Video conferencing has changed what is possible to achieve in business communications. It makes partners out of people on opposite sides of the globe without either having to set foot on a plane. It lets companies speak face-to-face with customers without ever opening a storefront. It lets team members collaborate on the same project, at the same time, without ever having to leave their homes.
Those tools aren’t the exclusive domain of well-established big businesses, either. They’re available to anyone with an internet connection, a webcam, and a free Skype account, and they can be used to start a business from scratch as effectively as they can keep one running.
Video conferencing for startups offers a cheap, effective access to nearly everything a new venture needs, from funding to employees to clients and customers. In fact, video conferencing has become such an essential tool that banks are making sure the startups they support are equipped to communicate via video.
Video Conferencing for Startups
The Bank of Ireland is one financial backer that is putting video conferencing in the hands of its newest investments. The bank has opened a series of startup business “incubators” in New York, Dublin, and Galway. These StartLabs offer offices, meeting rooms, and video conferencing equipment to fledgling entrepreneurs. The digital technology’s reach means supplying desk space for 50 people provides a launching pad for up to 15 independent new businesses. VC Daily has discussed the advantages of shared video conferencing resources before, and if the Bank of Ireland is going to give everyone their own private equipment, that’s even better.
The StartLabs are situated above bank branches, but they function like any other office. Each startup gets a brick-and-mortar presence to entertain potential investors and partners, and room to spread their financial blueprints out all over their desks.
More importantly, though, the video conferencing equipment–and we’re going to assume it’s the shiny HD variety since banks aren’t typically short on funds–gives each business a digital presence to project an image of professionalism to clients, potential employees, venture capitalists–anyone who would be interested.
Starting a Business Has Never Been Easier
The advent of digital technologies like video conferencing means it is easier than ever before to start a new business. The internet has become a thriving marketplace, with global e-commerce generating more than $2 trillion annually. Space on this digital Main Street is unlimited, while the cost of building and hosting a website from scratch comes in at around $200 a month, compared to the $3,400 you pay annually for every square foot of retail space in New York. That low cost dramatically reduces the amount of startup capital a new business needs, removing the pressure for instant success.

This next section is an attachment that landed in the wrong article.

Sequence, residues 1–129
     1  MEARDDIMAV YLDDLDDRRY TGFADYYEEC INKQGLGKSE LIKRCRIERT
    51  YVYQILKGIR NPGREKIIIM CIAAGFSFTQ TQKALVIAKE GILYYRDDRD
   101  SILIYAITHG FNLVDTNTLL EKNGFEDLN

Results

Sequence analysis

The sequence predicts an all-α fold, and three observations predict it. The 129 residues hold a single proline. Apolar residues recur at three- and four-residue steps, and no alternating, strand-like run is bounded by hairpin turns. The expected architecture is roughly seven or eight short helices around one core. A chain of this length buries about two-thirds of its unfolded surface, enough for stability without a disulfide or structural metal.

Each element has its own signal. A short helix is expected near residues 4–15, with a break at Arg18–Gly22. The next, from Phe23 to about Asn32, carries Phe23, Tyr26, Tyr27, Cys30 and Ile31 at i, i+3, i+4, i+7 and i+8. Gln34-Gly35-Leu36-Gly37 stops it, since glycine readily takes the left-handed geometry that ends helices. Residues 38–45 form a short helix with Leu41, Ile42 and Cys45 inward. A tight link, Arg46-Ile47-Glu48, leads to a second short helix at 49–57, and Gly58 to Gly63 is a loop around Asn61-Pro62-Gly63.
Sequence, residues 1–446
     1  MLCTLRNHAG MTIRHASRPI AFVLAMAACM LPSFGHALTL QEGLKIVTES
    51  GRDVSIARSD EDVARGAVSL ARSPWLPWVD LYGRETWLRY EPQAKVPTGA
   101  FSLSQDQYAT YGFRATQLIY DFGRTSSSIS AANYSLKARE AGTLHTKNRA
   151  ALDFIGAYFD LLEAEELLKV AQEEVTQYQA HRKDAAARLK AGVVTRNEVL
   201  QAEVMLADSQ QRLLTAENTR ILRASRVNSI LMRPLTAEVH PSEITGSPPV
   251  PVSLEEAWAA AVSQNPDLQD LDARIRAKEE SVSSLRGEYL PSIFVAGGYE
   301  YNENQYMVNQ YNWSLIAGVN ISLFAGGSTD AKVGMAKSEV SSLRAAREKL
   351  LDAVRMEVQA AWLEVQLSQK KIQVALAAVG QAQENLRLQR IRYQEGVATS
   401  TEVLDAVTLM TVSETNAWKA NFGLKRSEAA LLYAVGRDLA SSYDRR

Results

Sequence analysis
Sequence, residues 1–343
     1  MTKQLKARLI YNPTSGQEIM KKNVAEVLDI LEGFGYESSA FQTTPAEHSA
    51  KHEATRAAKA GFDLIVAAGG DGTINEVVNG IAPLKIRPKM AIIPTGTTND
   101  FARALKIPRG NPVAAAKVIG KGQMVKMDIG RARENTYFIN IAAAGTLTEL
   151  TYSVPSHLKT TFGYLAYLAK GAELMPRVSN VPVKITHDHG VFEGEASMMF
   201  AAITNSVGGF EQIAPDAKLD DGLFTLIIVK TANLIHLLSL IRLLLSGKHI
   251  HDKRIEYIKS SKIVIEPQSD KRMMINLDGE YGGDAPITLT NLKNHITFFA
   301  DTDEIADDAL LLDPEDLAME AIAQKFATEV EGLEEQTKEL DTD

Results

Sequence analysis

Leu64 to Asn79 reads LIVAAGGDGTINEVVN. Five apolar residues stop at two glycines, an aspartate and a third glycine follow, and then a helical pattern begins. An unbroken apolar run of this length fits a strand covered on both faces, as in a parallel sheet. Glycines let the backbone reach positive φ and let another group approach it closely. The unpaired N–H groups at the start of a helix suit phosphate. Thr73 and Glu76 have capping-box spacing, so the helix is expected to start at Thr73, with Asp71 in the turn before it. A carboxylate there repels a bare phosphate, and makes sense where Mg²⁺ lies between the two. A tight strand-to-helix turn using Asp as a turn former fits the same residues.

Today, an entire business can operate without a brick-and-mortar presence. With video conferencing as their mode of transport, employees can work together online via telecommuting–40% of Americans already do at least some of the time.
So, tucked away in their Bank of Ireland incubator, a startup team heading a virtual business could use video conferencing to:
- Meet face-to-face with potential investors with zero travel costs
- Source, interview, and recruit employees located anywhere in the country
- Speak to clients personally regardless of location
- Provide customer service over a web-based video link
- Keep their business operating 24 hours a day with a global team of employees
- Source and interact with accountants, advisors, marketing experts, and financial planners from any location
That final point goes to the heart of what the Bank of Ireland is really offering startup entrepreneurs–an on-call mentor. With video conferencing, that relationship can continue to flourish once the young startups have flown the bank’s nest.
Video Conference Mentors
The business world is littered with self-help books, how-to-succeed seminars, and financial planning guides. None of those aids can react to the everyday realities of a growing business. None of them can have a quiet word with you at the end of a hectic day.
Increasingly, though, video conferencing is being used to establish long-term business mentoring partnerships. Under such arrangements, experienced, often retired business people make themselves available for regular video chats to pass on their wisdom. They provide connections, shortcuts, legal and financial insights, or just encouragement and a shoulder to cry on.
The Bank of Ireland currently offers mentoring to the young professionals within its StartLabs, but the relationship only lasts as long as the startups are in the program, six months at the most. Six months may be a long time in a quickly changing digital world, but it isn’t long in the life of a successful business, and it isn’t long enough to develop the kind of relationship that can truly help sustain a promising small business. Perhaps that initial mentoring could grow along with the business even after it leaves the space provided by the bank by moving over to a video conferencing platform. A long-term investment of this kind in startup businesses, beyond just the few months in the bank’s space, could increase the success rates of these startups and impact young entrepreneurs in a serious way. A few moments of regular availability could be just as important as a free office in giving a young businessperson an advantage in getting their dream off the ground.